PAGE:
Voting on the blockchain sounds like a brilliant idea, promising to eliminate fraud while providing complete transparency to the final results.
But in practice, blockchain voting is extremely difficult to implement in a way that both keeps the votes private (so you don’t know how a person voted) and doesn’t require a third party.
There are a few voting apps already out there, like the Blockchain Voting Machine, Follow My Vote and TIVI, that use the blockchain as a ballot box. But each of these, in some way or another, relies on a third party to achieve voter privacy.
At the Financial Cryptography and Data Security Conference in Malta this week, however, a PhD student from Newcastle University in the UK, caught audience attention when he stepped forward with a proposal for secure voting that involves no third party for privacy – or for tallying votes.
Patrick McCorry’s Open Vote Network is a smart contract written in Solidity, where ethereum takes over the work of the trusted third party.
The solution, McCorry said, is ideal for boardroom voting, although not for large groups.
He explained the idea to :
“Everyone can cast their encrypted vote. And then at the end of the election, once all the votes have been cast, anyone, including observers, can simply add the encrypted votes together. It will cancel out all the random factors in the encryption and it will just reveal the final tally.”
Hurdles to overcome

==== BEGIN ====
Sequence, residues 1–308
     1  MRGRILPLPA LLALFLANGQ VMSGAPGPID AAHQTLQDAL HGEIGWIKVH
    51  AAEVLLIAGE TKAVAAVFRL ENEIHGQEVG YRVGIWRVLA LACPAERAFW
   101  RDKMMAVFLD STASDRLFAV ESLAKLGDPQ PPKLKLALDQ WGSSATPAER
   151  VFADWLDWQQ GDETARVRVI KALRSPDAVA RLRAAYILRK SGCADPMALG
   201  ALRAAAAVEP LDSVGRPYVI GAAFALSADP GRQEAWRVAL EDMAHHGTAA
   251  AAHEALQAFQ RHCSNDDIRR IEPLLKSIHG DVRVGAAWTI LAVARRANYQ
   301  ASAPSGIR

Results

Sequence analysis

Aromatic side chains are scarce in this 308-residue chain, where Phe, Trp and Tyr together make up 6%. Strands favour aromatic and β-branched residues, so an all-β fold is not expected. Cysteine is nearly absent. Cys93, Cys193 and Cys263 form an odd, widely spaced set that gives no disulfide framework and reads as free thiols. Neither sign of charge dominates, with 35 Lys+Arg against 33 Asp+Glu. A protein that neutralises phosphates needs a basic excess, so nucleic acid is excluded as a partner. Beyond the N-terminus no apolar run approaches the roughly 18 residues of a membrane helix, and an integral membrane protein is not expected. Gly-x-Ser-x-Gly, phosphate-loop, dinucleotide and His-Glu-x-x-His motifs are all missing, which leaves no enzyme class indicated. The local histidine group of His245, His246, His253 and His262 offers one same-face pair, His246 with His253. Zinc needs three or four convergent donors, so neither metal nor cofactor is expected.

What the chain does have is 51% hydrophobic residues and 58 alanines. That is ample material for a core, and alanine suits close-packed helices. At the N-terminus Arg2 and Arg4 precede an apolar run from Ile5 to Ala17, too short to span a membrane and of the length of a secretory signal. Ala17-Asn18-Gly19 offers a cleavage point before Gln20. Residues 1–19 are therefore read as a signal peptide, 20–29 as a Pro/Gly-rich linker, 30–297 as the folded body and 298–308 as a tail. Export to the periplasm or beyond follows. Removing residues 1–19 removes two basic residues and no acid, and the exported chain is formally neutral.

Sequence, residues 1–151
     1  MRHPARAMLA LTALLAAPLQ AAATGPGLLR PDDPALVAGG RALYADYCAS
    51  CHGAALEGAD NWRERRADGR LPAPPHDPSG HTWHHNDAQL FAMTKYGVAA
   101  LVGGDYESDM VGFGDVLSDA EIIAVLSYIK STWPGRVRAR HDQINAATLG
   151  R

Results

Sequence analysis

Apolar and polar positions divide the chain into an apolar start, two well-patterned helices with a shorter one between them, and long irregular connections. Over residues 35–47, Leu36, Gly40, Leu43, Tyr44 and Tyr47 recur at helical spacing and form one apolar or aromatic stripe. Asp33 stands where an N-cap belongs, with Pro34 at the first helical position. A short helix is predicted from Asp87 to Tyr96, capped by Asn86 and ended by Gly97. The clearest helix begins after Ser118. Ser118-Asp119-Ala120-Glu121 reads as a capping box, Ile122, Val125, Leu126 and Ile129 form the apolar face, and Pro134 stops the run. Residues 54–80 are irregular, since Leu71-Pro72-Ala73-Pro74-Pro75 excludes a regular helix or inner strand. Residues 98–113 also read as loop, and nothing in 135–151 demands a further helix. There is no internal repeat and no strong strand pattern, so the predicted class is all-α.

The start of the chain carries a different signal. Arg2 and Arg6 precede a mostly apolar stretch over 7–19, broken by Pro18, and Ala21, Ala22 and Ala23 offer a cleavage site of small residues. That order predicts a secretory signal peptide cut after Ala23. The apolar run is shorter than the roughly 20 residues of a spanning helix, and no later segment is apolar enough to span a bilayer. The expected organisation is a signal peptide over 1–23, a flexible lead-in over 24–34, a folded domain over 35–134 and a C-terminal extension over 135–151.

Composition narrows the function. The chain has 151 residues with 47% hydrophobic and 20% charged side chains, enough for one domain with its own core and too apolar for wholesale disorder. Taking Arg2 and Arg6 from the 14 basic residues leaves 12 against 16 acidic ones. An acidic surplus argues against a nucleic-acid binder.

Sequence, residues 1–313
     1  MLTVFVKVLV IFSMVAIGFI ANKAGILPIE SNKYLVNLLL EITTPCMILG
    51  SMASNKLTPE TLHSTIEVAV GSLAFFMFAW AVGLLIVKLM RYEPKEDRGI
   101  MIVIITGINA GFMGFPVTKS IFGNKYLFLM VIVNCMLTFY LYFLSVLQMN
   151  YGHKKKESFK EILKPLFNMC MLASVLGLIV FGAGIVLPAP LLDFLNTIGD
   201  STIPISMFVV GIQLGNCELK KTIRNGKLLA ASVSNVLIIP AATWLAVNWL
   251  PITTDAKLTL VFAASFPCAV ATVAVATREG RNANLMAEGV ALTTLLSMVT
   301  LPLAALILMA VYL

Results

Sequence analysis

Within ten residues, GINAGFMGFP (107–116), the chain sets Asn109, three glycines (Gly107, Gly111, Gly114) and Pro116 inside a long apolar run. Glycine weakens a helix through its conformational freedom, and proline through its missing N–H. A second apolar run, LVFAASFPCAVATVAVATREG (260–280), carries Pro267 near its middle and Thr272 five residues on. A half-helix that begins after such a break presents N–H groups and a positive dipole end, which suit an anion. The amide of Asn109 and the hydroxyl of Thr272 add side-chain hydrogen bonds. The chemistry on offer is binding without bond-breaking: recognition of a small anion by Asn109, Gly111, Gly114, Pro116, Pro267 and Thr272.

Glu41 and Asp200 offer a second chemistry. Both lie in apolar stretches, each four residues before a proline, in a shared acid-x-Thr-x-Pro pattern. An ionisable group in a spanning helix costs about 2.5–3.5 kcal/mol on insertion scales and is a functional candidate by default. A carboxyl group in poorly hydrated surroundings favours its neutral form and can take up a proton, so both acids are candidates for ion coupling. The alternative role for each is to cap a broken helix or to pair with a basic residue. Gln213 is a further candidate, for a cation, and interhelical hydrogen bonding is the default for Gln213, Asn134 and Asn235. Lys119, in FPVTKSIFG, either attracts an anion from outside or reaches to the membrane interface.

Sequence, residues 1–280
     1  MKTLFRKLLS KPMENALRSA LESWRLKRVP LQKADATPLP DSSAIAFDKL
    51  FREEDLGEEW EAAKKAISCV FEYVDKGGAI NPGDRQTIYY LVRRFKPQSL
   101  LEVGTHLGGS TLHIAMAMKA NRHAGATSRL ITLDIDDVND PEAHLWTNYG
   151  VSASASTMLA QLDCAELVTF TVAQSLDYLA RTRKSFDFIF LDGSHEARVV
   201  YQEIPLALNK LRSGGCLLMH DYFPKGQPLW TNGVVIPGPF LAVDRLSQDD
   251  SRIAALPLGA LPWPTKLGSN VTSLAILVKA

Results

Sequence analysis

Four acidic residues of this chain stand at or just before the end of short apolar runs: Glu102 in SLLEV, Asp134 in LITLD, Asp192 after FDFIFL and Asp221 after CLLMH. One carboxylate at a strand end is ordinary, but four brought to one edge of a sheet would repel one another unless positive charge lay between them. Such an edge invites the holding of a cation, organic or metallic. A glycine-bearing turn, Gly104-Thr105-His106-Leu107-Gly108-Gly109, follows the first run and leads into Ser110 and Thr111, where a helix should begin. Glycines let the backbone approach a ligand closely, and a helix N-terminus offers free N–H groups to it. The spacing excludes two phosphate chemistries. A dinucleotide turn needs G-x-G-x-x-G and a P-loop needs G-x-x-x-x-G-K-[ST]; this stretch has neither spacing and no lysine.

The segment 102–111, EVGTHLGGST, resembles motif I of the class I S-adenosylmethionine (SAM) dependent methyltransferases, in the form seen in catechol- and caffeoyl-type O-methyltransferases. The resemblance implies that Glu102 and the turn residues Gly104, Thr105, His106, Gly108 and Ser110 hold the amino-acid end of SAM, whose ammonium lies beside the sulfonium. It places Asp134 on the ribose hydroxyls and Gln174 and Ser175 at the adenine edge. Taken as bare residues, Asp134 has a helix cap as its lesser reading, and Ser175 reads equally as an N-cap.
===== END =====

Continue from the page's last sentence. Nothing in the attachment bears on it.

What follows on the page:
When McCorry and his fellow researchers first took on the project, they ran up against two issues.
The first was that, in designing a voting scheme in ethereum, the platform would not compute the final tally until the final voter cast a vote, requiring 100% participation. The second was an adaptive issue where the final voter was able to compute the tally before casting a vote. This posed a problem, since knowing the vote tally upfront has the potential to sway a person’s vote.
However, using ethereum and cryptography, the Open Vote Network team found a way around both problems.
The system works like this: an election admin sends ethereum a ‘white list’ of voters. Later, when a voter registers for an election, he or she puts down a small deposit. Voters then have a limited time to cast their vote, or lose the deposit.
When a vote is cast, it is first encrypted before being submitted to ethereum. Once all the votes are in (or the time limit for voting is up), ethereum computes the tally, keeping votes private.
And once the final voter casts a vote, he or she cannot change that vote, even after computing the tally.
McCorry explained that his approach rides on the fact that the people in the election are known — an advantage in that it allows the use of peer pressure to encourage voting.
Moving forward, McCorry foresees a time when decentralized vote collections are implemented widely.
“We wanted to show that decentralized elections were possible. Because it has been in academic literature for years, but it has never been practically implemented,” McCorry said.
He added that the project – the code for which is now available on Github – also demonstrates that ethereum can support cryptography, as the Open Vote Network uses both ElGamal and zero-knowledge proofs.
McCorry concluded by saying that he and his team are moving on to research use of the blockchain for larger-scale elections.